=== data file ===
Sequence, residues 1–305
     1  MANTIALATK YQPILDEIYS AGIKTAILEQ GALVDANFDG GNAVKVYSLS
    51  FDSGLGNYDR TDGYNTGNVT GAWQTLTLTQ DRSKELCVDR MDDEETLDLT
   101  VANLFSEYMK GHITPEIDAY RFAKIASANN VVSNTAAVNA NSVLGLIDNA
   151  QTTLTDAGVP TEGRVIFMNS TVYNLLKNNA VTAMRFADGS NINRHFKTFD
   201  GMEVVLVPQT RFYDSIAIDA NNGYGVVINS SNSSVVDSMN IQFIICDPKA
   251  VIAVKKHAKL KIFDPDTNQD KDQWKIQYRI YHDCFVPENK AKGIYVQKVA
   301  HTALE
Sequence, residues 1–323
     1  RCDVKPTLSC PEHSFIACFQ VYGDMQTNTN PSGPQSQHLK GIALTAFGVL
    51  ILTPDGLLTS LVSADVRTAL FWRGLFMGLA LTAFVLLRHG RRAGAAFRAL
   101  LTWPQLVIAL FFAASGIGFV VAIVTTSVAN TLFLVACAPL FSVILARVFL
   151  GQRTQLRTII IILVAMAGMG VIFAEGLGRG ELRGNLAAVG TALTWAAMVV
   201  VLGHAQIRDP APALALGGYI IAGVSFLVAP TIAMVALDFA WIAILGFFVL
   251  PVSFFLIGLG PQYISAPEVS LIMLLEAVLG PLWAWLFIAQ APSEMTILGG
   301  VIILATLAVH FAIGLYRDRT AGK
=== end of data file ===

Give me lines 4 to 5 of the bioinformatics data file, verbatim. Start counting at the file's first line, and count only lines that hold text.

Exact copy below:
   101  VANLFSEYMK GHITPEIDAY RFAKIASANN VVSNTAAVNA NSVLGLIDNA
   151  QTTLTDAGVP TEGRVIFMNS TVYNLLKNNA VTAMRFADGS NINRHFKTFD